Grow your agency: 37 agency sales tips to try this year

Grow Your Agency
Written by: Karl Sakas

Want to grow your agency in the coming year? If you need bigger and better clients, try my 37 agency sales tips!

The tips range from strategy to tactics—with a focus on helping you get better clients in less time. To dig deeper, I’ve linked to several followup articles.

Want private sales coaching for you and your team? I’ve advised hundreds of agencies worldwide. To see if you’re a match, please get in touch. [Last updated: December 2023]

Adopt the Right Mindset

1. Create a formal sales process, instead of “making it up” every time. Prioritize “fast failure,” to avoid wasting valuable time in poor-fit prospects.

2. Recognize that clients must want your agency’s help, not merely need it. Everyone needs help—you only care if they’re willing to pay for it.

3.Strategically free” is OK; “secretly free” is not. Share benchmarking stats and the occasional free tip, but say “no” to spec work.

4. A full sales pipeline creates confidence. But never stop selling (or marketing).

5. Don’t over-grow your active client count. Active agency bizdev should help you boost client quality over time, instead of merely adding client quantity.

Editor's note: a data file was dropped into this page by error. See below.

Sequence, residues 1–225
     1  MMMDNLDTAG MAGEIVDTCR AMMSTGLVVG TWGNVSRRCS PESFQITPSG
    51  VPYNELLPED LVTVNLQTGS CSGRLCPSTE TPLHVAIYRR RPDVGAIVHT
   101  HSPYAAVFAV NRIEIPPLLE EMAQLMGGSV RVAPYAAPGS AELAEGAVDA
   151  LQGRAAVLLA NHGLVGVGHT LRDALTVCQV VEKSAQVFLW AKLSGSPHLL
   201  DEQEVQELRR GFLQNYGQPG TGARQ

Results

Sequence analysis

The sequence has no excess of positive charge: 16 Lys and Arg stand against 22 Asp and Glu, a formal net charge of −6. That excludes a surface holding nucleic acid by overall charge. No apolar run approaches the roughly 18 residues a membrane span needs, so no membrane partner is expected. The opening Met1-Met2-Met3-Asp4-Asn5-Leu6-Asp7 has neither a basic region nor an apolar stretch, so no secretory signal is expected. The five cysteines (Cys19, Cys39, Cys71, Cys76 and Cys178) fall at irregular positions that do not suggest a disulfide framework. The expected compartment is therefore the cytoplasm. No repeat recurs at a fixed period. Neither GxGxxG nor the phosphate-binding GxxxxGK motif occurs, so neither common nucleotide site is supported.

6. Yes, you should probably accept random LinkedIn requests if they’re from potential prospects. But you still need to qualify them.

Use Better Marketing to Generate Better Leads

7. Think about the Hero’s Journey. That is, make the client/prospect the Hero, with you as their vital Helper (or Mentor). This includes making a contact look like a Hero to their boss/board. More on this in my interview with Jay Baer.

8. Shorten your sales cycle by pre-addressing sales objections throughout your website—especially on your homepage.

9. Recognize that inbound marketing makes sales easier. Stop blaming the “shoemakers kids“—better marketing helps produce better prospects.

10. Be sure your content strategy includes answering “sales support” questions. For instance, your agency’s blog should have an article on how you help clients prevent content delays. Then, you or your salespeople can link to the article at an appropriate point in the sales process.

Qualify Your Sales Prospects

11. Define your ideal sales prospect—and get everyone on the same page about what “qualified” really means. (I recommend using “CRUX” instead of “BANT.”)

12. Use a brief (yet powerful) sales “pre-intake” survey—and position it around the benefits to them.

13. Understand the difference between each prospect’s “need vs. want.” That is, most people need your agency’s help—but not everyone wants to pay for it. (Focus on the ones who need and want your help.)

14. Profile your prospects by DiSC behavioral type, to look for buttons to push. To generalize: